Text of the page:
Well the rain has finally driven me indoors so there is no excuse for putting off these notes. Nothing worse than having a week’s worth of information to impart. I almost feel like being barred from the garden until I have caught up. So – scrabble around for the small bits of paper that have been accumulating since April 1st and off we go. Random notes I fear as I haven’t dated any of the bits of paper.
I have had a Gamm Vert birthday feast. Jan has kindly given me money towards plants and I have gorged myself on the glories of the St Peray garden centre. What fun. To atone for all this easy gardening (I bought some tomato plants, some aubergine and even some peppers already up and well advanced. Cheating.) I went up to the top vegetable garden and spent a very hot and sweaty afternoon removing each and every weed. (For this week). Into this pristine environment went one and a half rows of pink fir apple potatoes, twenty more broad bean seeds and a row of mangetout peas. If all goes well they will grow up and attach themselves to the wire fence. I now have two rows of charlottes and enough pink fir apples to hopefully keep us in spuds for this year.
I was racing to get the row of peas sown before going up to Jean-Daniel’s horse riding school for manure. He has kindly let me have a few sacks of the fresh stuff to use on the raspberries next year. Heavy work hauling it out of his manure trough below the stables, heave them into the car, drive them home and then struggle up to the top potager and create a good sized pile. The amount looks paltry even though I hauled and heaved.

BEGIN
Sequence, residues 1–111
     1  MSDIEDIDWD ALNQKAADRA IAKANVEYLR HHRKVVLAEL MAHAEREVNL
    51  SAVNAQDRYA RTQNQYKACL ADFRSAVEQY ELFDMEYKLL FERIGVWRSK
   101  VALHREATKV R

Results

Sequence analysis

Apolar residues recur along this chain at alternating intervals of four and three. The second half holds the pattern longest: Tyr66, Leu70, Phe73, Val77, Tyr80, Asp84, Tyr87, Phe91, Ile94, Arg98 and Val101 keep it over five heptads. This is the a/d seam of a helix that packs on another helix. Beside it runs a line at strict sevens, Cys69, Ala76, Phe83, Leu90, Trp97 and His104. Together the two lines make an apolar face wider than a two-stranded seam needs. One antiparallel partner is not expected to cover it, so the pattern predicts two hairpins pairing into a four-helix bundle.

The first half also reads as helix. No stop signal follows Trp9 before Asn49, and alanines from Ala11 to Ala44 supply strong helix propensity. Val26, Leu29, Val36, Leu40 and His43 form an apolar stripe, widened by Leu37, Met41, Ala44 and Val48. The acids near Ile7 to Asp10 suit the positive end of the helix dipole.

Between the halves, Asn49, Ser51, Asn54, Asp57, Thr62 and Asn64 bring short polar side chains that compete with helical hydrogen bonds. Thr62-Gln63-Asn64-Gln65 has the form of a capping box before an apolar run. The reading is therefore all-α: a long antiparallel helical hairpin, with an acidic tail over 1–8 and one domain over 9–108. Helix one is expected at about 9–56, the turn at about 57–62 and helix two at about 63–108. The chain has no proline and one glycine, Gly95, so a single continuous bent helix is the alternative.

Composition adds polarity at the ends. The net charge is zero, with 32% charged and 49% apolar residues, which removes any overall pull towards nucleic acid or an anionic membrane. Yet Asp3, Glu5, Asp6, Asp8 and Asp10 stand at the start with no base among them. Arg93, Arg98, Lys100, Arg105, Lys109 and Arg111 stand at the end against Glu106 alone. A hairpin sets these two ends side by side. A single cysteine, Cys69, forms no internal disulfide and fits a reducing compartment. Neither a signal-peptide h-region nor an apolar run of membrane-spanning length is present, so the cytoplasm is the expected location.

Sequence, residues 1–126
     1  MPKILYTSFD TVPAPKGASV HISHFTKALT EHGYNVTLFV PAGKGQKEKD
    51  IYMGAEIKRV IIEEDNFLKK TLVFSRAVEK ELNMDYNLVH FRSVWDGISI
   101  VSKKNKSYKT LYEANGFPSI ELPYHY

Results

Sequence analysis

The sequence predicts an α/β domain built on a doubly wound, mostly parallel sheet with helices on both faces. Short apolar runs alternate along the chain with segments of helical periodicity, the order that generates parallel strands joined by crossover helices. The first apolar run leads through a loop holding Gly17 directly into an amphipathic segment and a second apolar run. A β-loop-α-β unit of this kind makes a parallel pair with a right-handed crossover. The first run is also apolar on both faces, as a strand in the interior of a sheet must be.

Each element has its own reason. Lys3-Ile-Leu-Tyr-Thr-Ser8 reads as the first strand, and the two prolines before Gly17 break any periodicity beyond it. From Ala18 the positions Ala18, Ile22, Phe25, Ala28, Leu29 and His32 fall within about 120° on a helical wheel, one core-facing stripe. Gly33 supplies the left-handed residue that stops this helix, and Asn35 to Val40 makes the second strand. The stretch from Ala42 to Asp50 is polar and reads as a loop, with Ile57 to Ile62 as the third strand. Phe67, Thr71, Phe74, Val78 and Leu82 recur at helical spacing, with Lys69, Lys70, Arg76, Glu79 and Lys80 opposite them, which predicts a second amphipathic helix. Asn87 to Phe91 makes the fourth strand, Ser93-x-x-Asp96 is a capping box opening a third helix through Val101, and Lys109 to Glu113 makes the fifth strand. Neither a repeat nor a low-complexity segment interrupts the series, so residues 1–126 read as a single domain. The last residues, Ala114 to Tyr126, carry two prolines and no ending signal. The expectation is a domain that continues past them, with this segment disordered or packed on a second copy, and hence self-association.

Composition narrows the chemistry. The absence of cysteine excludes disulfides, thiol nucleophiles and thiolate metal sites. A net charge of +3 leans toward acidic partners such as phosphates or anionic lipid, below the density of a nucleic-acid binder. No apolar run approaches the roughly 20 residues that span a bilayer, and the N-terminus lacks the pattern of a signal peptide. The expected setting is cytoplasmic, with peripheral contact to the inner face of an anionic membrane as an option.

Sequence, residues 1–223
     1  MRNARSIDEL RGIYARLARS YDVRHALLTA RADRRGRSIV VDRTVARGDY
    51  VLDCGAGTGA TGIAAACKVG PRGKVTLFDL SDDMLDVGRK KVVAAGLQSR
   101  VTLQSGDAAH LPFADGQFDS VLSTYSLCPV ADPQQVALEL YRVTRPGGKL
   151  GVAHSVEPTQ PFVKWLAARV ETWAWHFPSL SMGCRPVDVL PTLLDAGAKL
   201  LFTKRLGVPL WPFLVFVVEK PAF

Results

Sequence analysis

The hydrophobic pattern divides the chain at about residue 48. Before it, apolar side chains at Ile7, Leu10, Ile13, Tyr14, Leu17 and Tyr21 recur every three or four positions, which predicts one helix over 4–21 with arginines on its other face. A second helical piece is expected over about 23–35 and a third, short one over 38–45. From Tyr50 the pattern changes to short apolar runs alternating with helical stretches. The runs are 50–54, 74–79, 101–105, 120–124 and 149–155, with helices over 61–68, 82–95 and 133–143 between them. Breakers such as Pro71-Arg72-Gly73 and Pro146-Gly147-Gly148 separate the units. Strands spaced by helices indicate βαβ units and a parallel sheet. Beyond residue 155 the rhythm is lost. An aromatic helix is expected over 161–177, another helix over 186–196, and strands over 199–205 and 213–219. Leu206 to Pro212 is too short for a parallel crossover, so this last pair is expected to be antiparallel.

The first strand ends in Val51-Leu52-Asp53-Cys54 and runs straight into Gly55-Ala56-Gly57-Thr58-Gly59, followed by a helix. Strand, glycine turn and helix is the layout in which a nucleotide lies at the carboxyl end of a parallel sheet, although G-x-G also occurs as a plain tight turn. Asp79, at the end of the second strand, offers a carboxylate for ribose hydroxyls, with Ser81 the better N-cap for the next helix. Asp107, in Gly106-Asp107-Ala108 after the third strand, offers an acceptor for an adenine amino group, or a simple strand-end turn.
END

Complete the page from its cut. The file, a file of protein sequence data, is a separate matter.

It has been a day of gardening and muck. I sowed seeds, weeded the lower vegetable bed. Sowed yet more chives, tidied the broad beans which are doing very well. Amazing that almost all of the seeds I planted up earlier in the winter have germinated. Not so the peas which seem to have been eaten. Or else just frozen under the snow. But reassuring to have such a success rate in the bean bed.
I need to rebuild some more of the central path. It has lost some of its bark chips which are heading slowly into the onion bed. Nicolas has a lovely method of using long straight logs of chestnut to make the sides neat. I’m trying the chives and abundance trick first. But what is the bet that next year I will give in and get some more secure structure?
Watered all the seedlings in the potting shed; there are even tiny teensy little stipa seedlings coming up. Goodness knows how I’m going to get enough of them to germinate and romp away around the swimming pool. It’s an expensive seed – 3 for just 25 tiny bits of seed.
The alliums are still bursting out of their pots. Amazing that I only planted them up last week. They were obviously ready to get going. Thank goodness for plant hormones. The ones in the herb bed are also up and growing away. I’m sure they have grown six inches since the weekend. They are towering over the artichokes, which isn’t supposed to happen. I do hope the artichokes will catch some warm weather and take off. I had planned for the allium foliage to be hidden behind large leaves of artichokes. But right now it’s an allium bed rather than an artichoke one. I do think I have enough sage and thyme now. I will take cuttings in the summer to bulk out the bed. Weed seedlings are already poking through the mulch and it can only get worse.